Elucidating the Keynesian and Classical views of salary cutting policies, shift in the IS- LM curves, stagflation and new classical view.
Keynesian thinking dominated US (and other developed-country) policy-making well into the 1970s, although the "classical" counter-arguments kept up a steady criticism:
a. Regarding the original classical emphasis on wage-cutting as a solution-and hence the implied diminution in the power of organized labor to resist-how was this supposed, in theory, to work to restore full employment? (I.e. how did it shift both IS and LM curves?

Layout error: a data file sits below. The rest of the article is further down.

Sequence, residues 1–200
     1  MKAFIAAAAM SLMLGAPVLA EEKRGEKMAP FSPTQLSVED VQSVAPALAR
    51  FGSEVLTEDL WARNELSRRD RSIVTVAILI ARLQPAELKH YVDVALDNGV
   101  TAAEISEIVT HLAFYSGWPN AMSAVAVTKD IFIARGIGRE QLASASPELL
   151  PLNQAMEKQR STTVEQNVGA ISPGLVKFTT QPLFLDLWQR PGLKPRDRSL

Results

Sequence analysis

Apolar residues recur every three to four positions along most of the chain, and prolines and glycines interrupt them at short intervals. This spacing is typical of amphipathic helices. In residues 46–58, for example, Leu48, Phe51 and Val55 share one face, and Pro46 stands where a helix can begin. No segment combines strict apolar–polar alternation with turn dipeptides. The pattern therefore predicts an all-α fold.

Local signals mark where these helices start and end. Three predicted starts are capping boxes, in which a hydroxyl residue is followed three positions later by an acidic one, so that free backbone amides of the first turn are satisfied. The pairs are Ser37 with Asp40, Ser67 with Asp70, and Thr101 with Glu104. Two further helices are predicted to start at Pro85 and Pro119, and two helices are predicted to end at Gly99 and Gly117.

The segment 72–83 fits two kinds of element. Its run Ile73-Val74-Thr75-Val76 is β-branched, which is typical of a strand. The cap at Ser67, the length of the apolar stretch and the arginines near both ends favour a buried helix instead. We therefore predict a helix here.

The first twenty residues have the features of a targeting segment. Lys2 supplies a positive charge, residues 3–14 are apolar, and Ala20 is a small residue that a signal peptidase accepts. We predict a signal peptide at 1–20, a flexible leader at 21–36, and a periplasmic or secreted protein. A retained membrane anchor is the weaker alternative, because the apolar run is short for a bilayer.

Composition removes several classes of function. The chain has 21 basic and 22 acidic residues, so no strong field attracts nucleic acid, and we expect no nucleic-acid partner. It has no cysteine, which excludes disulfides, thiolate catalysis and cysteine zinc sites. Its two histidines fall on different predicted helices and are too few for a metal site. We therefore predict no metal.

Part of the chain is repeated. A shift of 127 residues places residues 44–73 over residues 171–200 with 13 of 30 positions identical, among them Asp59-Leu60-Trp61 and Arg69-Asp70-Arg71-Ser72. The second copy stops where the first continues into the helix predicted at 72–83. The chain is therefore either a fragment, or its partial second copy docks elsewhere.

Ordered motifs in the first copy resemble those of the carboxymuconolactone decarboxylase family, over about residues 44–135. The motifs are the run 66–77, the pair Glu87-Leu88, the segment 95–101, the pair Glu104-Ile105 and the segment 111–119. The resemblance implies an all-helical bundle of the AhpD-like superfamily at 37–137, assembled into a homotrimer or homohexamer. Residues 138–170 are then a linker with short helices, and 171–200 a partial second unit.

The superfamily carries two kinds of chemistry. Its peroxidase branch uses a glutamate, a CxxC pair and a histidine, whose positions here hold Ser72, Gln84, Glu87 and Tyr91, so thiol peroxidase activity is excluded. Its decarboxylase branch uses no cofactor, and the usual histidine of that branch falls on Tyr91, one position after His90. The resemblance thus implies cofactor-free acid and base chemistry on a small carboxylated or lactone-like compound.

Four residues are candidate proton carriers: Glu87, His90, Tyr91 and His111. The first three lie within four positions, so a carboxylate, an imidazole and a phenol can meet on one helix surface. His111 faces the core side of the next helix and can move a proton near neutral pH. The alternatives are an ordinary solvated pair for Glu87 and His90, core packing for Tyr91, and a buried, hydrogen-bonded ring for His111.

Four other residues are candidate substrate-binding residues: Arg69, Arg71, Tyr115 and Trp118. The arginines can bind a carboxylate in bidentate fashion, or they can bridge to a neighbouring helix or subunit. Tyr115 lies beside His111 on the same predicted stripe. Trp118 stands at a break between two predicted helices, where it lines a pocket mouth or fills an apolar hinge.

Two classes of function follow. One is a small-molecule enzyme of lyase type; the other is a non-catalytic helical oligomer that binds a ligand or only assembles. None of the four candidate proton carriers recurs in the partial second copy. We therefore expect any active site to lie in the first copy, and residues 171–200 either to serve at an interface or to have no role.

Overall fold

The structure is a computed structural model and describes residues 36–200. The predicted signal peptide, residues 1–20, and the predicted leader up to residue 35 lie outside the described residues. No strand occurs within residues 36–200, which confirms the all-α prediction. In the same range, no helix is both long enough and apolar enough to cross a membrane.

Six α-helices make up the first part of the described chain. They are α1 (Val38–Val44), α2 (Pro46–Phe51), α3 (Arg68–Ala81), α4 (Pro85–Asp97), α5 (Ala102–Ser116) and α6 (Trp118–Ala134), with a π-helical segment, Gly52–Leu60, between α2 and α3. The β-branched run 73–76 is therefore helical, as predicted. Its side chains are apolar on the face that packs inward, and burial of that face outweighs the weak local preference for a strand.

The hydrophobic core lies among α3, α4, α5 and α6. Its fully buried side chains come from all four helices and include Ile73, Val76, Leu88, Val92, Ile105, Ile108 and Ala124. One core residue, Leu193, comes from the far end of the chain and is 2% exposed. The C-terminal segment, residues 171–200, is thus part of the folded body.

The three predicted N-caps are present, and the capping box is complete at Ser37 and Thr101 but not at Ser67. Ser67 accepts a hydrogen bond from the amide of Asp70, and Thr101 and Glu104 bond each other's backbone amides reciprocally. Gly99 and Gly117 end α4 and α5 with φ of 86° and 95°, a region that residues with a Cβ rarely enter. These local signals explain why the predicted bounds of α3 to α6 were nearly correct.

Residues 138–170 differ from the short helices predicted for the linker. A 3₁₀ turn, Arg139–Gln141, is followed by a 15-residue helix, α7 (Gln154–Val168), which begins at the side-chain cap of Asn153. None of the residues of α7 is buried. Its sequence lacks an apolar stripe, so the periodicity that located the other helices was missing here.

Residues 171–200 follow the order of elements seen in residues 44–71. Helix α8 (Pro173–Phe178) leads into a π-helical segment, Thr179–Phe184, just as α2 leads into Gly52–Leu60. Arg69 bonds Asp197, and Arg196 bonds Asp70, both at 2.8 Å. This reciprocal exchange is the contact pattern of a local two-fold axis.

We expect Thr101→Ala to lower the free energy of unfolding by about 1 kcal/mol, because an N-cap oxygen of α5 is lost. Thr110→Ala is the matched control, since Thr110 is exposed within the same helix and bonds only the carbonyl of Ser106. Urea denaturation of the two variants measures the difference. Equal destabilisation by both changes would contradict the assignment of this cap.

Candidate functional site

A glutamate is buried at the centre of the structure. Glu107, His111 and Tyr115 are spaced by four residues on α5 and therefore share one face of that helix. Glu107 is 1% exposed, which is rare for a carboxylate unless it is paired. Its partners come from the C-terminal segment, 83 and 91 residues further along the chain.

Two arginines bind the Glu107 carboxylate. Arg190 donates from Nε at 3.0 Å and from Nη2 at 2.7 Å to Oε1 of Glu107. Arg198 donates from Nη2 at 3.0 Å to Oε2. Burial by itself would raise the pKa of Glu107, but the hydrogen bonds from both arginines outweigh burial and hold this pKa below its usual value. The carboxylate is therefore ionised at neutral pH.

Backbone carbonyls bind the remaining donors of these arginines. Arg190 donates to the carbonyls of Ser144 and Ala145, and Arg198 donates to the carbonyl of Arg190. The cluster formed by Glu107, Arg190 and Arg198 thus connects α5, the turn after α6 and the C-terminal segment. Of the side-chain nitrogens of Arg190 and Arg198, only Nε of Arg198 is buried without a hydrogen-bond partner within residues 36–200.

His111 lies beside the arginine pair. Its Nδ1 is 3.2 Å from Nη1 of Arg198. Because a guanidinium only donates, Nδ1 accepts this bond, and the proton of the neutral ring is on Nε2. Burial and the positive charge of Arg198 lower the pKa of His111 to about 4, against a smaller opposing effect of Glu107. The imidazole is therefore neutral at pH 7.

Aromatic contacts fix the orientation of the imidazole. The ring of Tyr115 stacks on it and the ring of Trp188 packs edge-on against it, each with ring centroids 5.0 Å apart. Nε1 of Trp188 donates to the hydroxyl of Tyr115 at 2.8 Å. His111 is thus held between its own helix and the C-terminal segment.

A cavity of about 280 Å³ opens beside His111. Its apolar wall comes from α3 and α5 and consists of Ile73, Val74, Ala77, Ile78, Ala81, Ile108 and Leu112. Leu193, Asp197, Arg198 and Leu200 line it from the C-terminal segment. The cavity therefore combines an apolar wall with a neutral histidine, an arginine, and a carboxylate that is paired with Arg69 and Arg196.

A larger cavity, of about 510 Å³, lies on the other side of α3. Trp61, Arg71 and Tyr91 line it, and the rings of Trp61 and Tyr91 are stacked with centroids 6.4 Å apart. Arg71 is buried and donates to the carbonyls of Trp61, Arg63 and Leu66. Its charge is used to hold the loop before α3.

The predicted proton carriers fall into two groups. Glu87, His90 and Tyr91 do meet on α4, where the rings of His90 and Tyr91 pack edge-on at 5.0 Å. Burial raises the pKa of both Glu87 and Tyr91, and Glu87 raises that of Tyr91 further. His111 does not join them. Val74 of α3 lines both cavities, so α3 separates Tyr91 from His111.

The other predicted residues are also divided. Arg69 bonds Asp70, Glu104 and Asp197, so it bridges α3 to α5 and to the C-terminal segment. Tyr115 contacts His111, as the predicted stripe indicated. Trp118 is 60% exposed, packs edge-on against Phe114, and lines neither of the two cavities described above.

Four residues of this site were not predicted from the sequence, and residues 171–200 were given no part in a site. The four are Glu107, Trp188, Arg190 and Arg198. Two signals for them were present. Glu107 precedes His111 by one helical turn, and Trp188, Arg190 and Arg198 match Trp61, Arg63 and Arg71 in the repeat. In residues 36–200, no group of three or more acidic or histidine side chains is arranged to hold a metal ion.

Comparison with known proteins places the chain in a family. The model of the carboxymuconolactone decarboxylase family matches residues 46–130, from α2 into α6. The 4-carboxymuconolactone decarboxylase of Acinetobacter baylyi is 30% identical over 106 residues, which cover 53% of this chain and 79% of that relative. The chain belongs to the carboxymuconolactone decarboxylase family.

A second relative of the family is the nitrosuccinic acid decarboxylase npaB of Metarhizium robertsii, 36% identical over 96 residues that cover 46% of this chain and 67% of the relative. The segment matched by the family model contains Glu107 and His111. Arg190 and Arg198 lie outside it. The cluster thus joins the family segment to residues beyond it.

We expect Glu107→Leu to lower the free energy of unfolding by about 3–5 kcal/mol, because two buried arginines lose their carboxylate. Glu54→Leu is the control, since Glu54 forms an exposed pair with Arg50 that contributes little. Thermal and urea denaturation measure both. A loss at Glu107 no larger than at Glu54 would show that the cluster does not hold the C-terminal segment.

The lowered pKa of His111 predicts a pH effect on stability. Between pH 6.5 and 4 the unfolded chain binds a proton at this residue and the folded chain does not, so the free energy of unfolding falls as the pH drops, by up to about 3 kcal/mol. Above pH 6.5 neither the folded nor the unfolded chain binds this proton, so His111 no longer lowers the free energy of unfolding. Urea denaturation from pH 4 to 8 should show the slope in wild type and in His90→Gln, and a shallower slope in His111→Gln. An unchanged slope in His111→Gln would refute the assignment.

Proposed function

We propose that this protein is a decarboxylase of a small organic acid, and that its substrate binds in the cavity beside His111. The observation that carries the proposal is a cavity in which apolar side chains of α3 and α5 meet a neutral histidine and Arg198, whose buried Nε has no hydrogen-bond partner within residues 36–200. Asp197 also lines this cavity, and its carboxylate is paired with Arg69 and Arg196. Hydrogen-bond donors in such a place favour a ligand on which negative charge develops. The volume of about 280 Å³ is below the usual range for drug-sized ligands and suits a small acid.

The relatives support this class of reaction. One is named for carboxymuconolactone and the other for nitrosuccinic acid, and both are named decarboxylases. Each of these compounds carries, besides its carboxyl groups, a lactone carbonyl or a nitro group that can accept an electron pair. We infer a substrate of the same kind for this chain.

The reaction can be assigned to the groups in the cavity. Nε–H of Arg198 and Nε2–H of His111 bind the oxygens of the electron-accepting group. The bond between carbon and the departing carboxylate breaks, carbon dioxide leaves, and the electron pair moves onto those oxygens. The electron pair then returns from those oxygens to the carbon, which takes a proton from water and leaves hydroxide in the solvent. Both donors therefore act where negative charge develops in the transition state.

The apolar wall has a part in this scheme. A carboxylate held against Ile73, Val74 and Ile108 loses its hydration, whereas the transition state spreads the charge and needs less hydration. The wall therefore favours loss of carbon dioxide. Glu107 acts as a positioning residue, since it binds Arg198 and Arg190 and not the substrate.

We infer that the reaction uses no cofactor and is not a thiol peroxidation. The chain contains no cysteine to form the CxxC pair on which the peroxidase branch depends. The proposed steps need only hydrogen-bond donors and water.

b. In regard to the "stagflation" problem of the 1970s (actually, starting in the late 60s and continuing into the early-mid 80s), why was Keynesian unable to offer a realistic solution and as consequence, what was the "new" classical view of policy-making that became the new norm?